1 how cultural style dictates the perception of what is ethical in a leader's use of power, influence, and authority.
2 which leadership models, styles, and traits are most commonly accepted as ethical across the greatest array of social cultures.
3 particular leadership model as a tool for shaping organizational culture and a rationale for selecting that model.
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Cultural style dictates the perception of what is ethical in a leader's use of power, influence, and authority. Cultural style differs from country to country, industry to industry, and organization to organization. For example, in China, the cultural style is marked by high power distance. This means that the less powerful members of institutions and organizations within the country expect that power is distributed unequally. A leader in China who uses power, influence, and authority is perceived to be ethical. In contrast a leader in the United States who openly uses power, influence, and authority will be perceived as unethical and dictatorial. In the United States the less powerful do not expect and accept that power is distributed unequally (a). In addition, in the United States there is high level of individualism in the culture. A leader who involves others indecision making, and consults followers, is perceived as an ethical leader. Similarly, in an organization where superior-subordinate relationship is polarized, the use of formal power, influence and authority is perceived to be ethical. In such organizations, consulting employees, taking opinions, and understanding the viewpoint of team members is perceived to be procrastination and unethical. In contrast, organizations where the culture is that power and authority ...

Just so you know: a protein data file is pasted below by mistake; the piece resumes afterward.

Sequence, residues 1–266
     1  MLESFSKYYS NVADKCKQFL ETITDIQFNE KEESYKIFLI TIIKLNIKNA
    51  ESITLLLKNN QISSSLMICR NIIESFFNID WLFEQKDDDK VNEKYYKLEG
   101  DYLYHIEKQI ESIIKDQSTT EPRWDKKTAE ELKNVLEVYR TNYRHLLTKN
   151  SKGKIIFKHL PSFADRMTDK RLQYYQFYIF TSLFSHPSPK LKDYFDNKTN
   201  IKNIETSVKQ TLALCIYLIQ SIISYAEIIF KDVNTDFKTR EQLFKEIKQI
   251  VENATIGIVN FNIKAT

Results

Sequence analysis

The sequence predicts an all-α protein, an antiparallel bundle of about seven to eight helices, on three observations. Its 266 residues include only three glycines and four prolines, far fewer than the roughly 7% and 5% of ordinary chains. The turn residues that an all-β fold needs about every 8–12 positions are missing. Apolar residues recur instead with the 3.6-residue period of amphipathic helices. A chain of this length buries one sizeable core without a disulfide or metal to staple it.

This posting gives you a step-by-step explanation of how culture shapes leadership . The response also contains the sources used.